Install BIND 9.9.7-P2 to fix vulnerability CVE-2015-5477

stavrostseriotis StavrosTseriotis at
Tue Sep 8 04:46:06 UTC 2015

Ok here is what I did:

.         After extracting the package I looked out at directories
/usr/local/bin and /usr/local/sbin as mentioned in the procedure but I found
that there are no files there.

.         I run configure command without openssl because I had trouble with
the openssl library when it was enabled. Also since I am not currently using
DNSSEC I guess that this is not a problem.

.         Then I run make and I didn't get any error.

.         I run make install and I didn't get any error again.

.         Stopped named service

.         I copied the /etc/named.conf file and then created another empty
file as instructed with the correct permissions.

.         Started named service. It started normally without any error and
also the process that was up is the same as before.

.         When I do named -V and also rpm -q bind I still see the same
versions as before.


Yes I know that if I was using the RedHat package I wouldn't had this
problem because I already do this for other linux machines. Just this
machine is old and when it was configured to work as nameserver the guys did
it this way. Now we are in the process to build a new machine for nameserver
with RedHat subscription and everything but until that happens it will be
best if we can get rid of this security vulnerability cause I don't know how
long it will take.


Thank you for your responses.


From: bind-users-bounces at
[mailto:bind-users-bounces at] On Behalf Of Timothe Litt
Sent: Monday, September 07, 2015 2:29 PM
To: bind-users at
Subject: Re: Install BIND 9.9.7-P2 to fix vulnerability CVE-2015-5477



Install BIND 9.9.7-P2 to fix vulnerability CVE-2015-5477


stavrostseriotis  <mailto:StavrosTseriotis at>
<StavrosTseriotis at>


07-Sep-15 05:24



bind-users at




I have a RedHat 5.11 machine and currently I am facing the issue with BIND
vulnerability CVE-2015-5477. I cannot update my BIND using yum because I
didn't install BIND from RedHat at the first place so I need to do it

I downloaded the package of version 9.9.7-P2 from isc website but since it
is not an rpm file I have to build it myself.

I followed the instructions I found on website
but it does not change the version of bind. I don't know what I am doing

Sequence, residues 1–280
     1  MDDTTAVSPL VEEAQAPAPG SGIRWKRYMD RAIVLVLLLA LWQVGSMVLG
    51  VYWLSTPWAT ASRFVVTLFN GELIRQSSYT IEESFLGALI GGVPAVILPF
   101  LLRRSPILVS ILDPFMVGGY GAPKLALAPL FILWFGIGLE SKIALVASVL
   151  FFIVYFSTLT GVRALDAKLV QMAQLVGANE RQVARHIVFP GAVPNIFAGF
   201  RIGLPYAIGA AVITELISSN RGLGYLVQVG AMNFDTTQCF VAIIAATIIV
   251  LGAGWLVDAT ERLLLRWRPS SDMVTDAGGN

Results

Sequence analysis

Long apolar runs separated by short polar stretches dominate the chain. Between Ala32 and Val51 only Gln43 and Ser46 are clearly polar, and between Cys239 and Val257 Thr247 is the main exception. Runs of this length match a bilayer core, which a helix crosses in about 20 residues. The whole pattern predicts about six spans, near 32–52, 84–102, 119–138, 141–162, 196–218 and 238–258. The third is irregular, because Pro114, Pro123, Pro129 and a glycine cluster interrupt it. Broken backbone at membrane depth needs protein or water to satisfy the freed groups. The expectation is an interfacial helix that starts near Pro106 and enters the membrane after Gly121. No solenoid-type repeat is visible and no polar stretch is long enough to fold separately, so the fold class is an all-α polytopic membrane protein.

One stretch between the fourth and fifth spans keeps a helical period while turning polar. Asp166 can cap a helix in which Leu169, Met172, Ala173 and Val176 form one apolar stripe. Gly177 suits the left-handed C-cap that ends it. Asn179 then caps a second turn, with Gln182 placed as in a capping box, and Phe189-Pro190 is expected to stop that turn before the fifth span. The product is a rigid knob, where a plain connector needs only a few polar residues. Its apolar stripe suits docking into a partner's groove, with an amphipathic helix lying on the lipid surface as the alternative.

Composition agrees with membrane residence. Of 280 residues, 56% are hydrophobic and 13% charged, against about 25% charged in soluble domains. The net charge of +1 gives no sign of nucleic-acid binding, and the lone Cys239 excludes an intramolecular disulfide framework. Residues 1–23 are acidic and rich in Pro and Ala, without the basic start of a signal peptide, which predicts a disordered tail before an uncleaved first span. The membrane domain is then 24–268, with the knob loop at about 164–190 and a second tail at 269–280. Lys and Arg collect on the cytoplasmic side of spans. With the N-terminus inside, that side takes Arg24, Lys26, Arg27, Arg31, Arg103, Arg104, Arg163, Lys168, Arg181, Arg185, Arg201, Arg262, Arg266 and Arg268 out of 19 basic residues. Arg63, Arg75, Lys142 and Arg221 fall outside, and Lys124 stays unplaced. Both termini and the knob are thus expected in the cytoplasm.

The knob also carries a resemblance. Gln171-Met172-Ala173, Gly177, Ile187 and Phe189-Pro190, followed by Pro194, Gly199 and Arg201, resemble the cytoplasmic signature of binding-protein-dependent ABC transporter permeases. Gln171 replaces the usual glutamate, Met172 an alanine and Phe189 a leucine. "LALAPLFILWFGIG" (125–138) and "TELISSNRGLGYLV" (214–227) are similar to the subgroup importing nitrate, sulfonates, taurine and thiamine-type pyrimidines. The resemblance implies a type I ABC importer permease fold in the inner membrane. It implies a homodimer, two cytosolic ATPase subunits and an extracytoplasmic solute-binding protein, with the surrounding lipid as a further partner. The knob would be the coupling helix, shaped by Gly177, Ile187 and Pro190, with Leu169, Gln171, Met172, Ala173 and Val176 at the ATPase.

I am wondering if you can give me a little guideline on how to build and
install the new version.


Thank you

"does not change the version of bind" - as reported how?  By named -V?  Or
by a DNS query to version.bind CH TXT?

If the former, you probably have more than one named executable - with the
old one earlier in your PATH.  "which named" should help.  If the latter,
did you remember to restart named?  And did the restart succeed?  And does
your startup process have the same PATH as your terminal?  (Often they do

Re-read the instructions - and pay special attention to how you run
configure.  The default is to build/install in /usr/local/*bin - which is
not the default for most distributions' startup files.

I strongly recommend keeping track of each step as you build (a big
scrollback buffer helps).  Either write your own instructions, or turn it
into a script.  There are enough steps that it's easy to make a mistake -
and you will be re-building bind again to upgrade.  Plus, if you ask for
help, you will be able to provide the details of what you did.  Without
details of what you did and what you see, people can't provide specific

Note that RedHat usually has a number of patches (often for SeLinux and
systemd) that you won't get if you build yourself from ISC sources.  

Or remove bind and switch to the RedHat version.  You're paying RedHat to do
the maintenance, so unless you have local patches or very special
requirements, you might as well let them do the work.  

Typically, if you really need the latest from ISC on RedHat you're better
off getting the SRC RPM from RedHat & modifying the rpmbuild config file to
fetch the latest ISC source, then build RPMs.  If you stay with the same ISC
code stream, you won't have too many patch conflicts to resolve.  After
you've done this once or twice, you'll want to revisit you need for local
changes - either decide they're not that important, or offer them to ISC.
Maintaining a private version is work.

Timothe Litt
ACM Distinguished Engineer
This communication may not represent the ACM or my employer's views,
if any, on the matters discussed. 




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